And then yesterday, I installed the infant car seat in the car (a full ten days ahead of when we got this task accomplished last time). It’s in the safest spot—the middle back seat—but it’s the spot where Hudson’s toddler seat used to live. And next to it, instead of Hudson’s toddler seat, is a bedsheet that covers the seat where Bess always sits. Bess doesn’t have to change seats to make room for a second car seat. I don’t have to train her to sit in the way back row to make room for two car seats. Hudson and Jackson will never sit back there together, giggling over a shared secret or bickering or hitting each other.
Piece by piece, bit by bit, we are transforming our physical spaces to reflect our new reality—a family of four with only three, two children but only one living. But even as we are making these changes, there is clearly part of me still just can’t (or won’t) accept the way things are. Maybe I told a stranger that my daughter is two and a half years old not because I didn’t want to deal with her but because I so desperately wish it to be true. Maybe I’ve stopped telling people that my older child passed away last year because all I can think about is the way things should be in a few weeks, all the photos we should be taking, all the chaos that should be turning our house upside down as we make the transition from one to two. I can’t tell you how much I dread the heartbreak of putting up a Facebook profile picture with only my second child in it. More and more frequently these days, I feel like I must be living someone else’s life, because I just don’t recognize this one as my own.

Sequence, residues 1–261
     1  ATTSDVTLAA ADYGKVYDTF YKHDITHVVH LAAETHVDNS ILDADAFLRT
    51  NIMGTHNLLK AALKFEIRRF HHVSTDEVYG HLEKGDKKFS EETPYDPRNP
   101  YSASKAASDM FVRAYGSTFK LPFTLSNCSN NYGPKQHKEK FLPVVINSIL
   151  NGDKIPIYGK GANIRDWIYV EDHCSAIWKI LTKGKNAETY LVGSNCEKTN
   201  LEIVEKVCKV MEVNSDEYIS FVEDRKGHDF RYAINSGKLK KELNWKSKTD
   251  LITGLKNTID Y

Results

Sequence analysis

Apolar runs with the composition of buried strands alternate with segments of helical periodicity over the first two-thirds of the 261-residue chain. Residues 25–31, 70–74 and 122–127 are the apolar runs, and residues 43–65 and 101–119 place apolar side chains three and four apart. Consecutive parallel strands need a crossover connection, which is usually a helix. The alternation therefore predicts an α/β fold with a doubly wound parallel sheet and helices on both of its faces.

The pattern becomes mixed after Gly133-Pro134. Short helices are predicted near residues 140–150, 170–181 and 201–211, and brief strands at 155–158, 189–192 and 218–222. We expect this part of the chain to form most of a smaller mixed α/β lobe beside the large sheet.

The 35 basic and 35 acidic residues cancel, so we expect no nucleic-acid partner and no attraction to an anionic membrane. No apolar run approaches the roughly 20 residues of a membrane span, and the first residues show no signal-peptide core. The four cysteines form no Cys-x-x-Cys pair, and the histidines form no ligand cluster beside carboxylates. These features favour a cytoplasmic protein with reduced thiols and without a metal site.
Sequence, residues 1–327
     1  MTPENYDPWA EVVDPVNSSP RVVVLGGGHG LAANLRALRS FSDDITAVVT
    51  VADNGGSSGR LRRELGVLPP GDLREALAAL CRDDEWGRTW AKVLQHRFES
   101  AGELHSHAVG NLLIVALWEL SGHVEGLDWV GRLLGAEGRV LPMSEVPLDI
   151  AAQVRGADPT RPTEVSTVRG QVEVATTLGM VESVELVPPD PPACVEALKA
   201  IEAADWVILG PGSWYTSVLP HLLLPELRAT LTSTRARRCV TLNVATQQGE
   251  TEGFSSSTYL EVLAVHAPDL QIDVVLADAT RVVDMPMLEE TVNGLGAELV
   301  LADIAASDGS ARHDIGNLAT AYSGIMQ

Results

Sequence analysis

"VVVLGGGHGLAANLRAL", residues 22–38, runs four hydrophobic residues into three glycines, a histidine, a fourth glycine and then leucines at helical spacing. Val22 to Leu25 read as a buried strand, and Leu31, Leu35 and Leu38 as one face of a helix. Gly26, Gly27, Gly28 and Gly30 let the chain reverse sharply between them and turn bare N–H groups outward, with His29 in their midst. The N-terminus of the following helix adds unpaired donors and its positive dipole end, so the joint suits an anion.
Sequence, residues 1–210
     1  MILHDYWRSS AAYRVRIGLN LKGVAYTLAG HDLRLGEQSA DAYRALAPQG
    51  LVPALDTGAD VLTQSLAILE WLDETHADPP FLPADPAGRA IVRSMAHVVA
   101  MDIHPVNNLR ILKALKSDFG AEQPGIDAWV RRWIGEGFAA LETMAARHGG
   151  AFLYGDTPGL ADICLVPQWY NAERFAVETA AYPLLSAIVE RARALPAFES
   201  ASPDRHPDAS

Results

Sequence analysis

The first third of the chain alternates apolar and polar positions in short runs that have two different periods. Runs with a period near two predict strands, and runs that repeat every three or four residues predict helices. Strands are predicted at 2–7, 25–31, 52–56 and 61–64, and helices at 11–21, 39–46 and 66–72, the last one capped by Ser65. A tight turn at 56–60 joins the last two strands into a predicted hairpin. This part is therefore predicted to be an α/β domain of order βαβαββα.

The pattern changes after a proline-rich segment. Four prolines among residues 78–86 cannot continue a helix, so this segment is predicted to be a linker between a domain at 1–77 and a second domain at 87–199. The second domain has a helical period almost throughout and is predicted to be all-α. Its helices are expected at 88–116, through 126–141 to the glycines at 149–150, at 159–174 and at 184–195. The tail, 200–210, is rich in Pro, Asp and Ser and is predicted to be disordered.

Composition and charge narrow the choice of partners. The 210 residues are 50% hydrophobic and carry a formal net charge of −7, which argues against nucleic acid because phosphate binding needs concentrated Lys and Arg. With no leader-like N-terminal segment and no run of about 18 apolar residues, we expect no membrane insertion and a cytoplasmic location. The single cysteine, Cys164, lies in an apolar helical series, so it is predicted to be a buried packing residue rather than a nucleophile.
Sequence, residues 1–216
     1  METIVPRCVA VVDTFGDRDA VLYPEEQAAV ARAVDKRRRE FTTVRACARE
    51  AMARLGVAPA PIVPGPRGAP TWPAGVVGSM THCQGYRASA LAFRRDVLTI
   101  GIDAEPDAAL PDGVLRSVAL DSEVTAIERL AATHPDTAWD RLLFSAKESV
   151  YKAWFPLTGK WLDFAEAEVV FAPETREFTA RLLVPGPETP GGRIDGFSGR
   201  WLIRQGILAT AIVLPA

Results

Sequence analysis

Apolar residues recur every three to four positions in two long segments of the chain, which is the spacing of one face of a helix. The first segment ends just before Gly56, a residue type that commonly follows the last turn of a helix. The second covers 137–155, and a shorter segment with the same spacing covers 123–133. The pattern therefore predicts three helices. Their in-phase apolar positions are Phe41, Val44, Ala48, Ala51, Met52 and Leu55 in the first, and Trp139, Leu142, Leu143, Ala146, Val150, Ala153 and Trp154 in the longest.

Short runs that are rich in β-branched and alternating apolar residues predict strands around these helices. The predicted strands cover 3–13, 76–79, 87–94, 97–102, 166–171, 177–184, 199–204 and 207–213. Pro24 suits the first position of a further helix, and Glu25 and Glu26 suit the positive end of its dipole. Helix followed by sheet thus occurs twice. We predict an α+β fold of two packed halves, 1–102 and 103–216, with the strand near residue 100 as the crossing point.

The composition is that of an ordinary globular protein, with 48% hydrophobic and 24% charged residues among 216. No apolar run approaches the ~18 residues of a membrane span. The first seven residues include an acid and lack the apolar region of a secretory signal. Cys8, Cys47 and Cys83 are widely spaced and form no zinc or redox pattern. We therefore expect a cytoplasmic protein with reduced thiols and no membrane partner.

This past weekend, for the first time since Hudson died, we went to a birthday party for one of her friends, the last of all of them to turn two. It was an Elmo-themed party, just as Hudson’s would likely have been, and most of Hudson’s little friends were there, as were the little siblings of a few. There were parents there whom I had not met, and I imagine they just assumed that we had no older children and were just friends of the birthday girl’s parents. I surprised even myself by not going completely catatonic or otherwise losing it. Afterwards, Ed asked me if I was OK, and I told him that I guessed the key was to not sit there and constantly imagine how things should be, to not think about how Hudson should be among the oldest kids there, with the most words and the most tricks, leading her little friends in games, running up to show me the goodies in her party favor bag. As long as I didn’t think about any of those things and just tried to accept the situation for what it was, to accept that this is just how our life is now, then I could manage. Of course, it hit me hard later that day—how could it not?—but for those two hours during the party, I managed.
But how to “manage” the rest of the time, and for the rest of our lives? How to “accept” this new reality, this new life?
I don’t have the foggiest idea. The past few weeks have been hard. The next few will likely be even harder. And my brain seems to want only to deny.
“I have to say what is said. I don’t have to believe it myself.” ~ Ann Carson